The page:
But then, as persecution of Christians by the Roman Empire came formally to an end in 311 CE, faith embarked on a new unexplored road of relative freedom and status.  The Church now had something to lose and something to prove.   In 313, Constantine (c. 272-337) legalized Christianity and it became the official religion of the Roman Empire in 380.  This new expression of faith allowed for believers to integrate into a new social order where Christianity was not only accepted but now enjoyed privileges and protection unknown to the early Church. 

Richard Rohr wrote an article stating that the single most unfortunate thing that happened to Christianity was the disappearance of persecution.  He wrote the following:

I’m sure the Emperor Constantine thought he was doing Christians a favour when he ended official persecution and made Christianity the established religion of the empire. Yet it might be the single most unfortunate thing that happened to Christianity. Once we moved from the margins of society to the centre, we developed a new film over our eyes. After that, we couldn’t read anything that showed Jesus in confrontation with the establishment, because we were the establishment, and usually egregiously so. Clear teaching on issues of greed, powerlessness, nonviolence, non-control, and simplicity were moved to the side-lines, if not actually countermanded.

As long as the Church bore witness from the margins in some sense, and as long as we operated from a minority position, we had greater access to the truth, to the Gospel, to Jesus. In our time we have to find a way to disestablish ourselves, to identify with our powerlessness instead of our power, our dependence instead of our independence, our communion instead of our individualism. Unless we understand that, the Sermon on the Mount (Matthew 5–7) isn’t going to make any sense.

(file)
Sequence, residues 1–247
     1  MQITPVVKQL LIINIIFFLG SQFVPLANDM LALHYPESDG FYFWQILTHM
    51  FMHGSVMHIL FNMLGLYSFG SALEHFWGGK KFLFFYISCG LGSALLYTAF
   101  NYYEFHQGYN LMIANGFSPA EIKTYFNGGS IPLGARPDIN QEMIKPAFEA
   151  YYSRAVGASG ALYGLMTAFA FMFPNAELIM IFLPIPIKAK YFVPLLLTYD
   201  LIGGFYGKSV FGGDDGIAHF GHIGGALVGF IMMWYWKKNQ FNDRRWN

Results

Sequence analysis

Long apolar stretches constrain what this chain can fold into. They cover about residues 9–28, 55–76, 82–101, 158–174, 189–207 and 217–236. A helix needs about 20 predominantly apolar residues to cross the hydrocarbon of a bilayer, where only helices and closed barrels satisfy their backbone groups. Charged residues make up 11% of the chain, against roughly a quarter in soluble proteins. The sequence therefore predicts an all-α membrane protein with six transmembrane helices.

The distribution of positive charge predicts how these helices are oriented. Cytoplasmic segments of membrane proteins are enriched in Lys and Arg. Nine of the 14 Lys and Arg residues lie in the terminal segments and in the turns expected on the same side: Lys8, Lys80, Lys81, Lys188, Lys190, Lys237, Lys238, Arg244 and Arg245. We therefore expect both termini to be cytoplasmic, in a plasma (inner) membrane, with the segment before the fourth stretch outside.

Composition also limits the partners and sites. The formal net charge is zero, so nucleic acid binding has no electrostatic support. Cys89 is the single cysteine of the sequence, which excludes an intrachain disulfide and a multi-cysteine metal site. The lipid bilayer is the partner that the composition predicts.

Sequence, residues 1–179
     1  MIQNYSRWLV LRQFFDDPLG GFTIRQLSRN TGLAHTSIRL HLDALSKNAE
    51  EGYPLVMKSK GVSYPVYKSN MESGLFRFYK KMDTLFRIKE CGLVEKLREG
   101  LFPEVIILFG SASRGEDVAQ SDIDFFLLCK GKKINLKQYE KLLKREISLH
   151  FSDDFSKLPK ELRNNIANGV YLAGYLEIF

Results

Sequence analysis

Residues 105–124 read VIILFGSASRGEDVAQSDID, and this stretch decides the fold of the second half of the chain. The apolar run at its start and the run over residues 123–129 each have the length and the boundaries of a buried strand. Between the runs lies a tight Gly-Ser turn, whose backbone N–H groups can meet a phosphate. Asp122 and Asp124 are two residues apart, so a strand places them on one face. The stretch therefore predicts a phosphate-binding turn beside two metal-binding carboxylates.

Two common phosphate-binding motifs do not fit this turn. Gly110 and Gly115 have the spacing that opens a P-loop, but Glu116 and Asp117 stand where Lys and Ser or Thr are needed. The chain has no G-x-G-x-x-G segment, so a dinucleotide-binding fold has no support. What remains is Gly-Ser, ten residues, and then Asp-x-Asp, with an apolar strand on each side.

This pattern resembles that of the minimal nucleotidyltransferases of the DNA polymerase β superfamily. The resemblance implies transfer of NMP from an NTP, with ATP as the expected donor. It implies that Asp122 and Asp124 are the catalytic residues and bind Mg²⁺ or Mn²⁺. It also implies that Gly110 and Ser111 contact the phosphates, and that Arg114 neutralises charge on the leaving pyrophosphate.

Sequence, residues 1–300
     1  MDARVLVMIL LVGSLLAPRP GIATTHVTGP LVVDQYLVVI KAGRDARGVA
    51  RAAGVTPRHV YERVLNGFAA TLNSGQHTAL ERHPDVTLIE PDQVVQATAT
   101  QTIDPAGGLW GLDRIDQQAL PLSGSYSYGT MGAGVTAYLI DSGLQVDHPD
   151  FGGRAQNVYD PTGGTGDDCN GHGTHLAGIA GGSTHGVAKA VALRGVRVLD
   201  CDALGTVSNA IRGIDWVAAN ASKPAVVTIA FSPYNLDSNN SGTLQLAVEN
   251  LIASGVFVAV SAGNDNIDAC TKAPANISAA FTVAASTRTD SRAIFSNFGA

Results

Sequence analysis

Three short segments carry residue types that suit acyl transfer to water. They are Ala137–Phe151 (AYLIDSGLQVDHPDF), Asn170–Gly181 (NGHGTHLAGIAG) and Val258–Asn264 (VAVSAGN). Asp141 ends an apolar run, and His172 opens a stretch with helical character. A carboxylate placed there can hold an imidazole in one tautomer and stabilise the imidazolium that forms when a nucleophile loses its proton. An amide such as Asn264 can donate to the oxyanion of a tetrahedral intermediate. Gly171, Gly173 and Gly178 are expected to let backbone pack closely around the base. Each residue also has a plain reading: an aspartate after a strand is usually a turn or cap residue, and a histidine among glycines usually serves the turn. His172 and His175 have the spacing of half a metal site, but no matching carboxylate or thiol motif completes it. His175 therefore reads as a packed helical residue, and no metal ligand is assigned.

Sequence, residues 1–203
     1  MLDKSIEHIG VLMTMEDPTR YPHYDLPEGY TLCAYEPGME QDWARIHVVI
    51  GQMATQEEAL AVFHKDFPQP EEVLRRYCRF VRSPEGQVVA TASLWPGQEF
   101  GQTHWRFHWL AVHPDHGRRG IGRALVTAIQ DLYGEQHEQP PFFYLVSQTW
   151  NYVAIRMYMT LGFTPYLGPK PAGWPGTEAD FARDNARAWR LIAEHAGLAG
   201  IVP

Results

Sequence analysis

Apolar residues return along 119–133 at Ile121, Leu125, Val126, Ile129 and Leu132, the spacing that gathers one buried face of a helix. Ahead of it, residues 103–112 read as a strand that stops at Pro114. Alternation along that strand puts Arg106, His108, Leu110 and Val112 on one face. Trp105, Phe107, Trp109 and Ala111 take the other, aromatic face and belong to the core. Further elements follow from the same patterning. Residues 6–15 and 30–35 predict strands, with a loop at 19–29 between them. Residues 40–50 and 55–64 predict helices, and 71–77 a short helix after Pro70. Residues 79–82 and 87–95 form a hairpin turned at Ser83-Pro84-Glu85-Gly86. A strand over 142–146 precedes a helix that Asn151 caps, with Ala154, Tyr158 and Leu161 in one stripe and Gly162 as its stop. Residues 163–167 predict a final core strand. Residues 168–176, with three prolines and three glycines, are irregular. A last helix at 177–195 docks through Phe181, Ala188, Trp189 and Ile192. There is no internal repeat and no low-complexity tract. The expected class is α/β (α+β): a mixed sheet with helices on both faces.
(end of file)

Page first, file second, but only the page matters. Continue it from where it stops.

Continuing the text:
When the position of the Church morphed from persecuted to privileged, from disadvantaged to advantaged, from marginalised to favoured, from minority to majority, and from being scattered to being protected, everything changed – including, and especially, evangelism and missions. 

And once Christians fail to evangelise, they fossilize

Enter Australia – and Europe and the USA for that matter

So, is there hope for the declining Church in the West?


Yes, there is hope.  There is always hope.  Not just for Australia but for all Western nations that have lost the opportunity to intimately share the cross of Christ through persecution.

But the solution is not always that obvious and for those who suffer from inattentional blindness it might even present itself as a curse – something to oppose and resist.  The simple truth is this, the answer to restoring Church growth will come from those who are scattered:  THE MARGINALISED, THE PERSECUTED, THE DISPLACED

And God has already provided a solution for the church in Australia.  According to the 2021 census, since 2016 more than one million migrants arrived in Australia. More than 80 per cent of them arrived before the start of the COVID-19 pandemic in 2020.

“Yes, we all know the scripture of caring for foreigners and opening our hearts to the destitute and marginalised, but practicalities are much different today” I hear you say.  “Well, not really!” is my answer.  And I say this because I researched this. 

Firstly, before looking at the spiritual revival that follows those who “are scattered like seed”, let’s look at the practical and economic implications.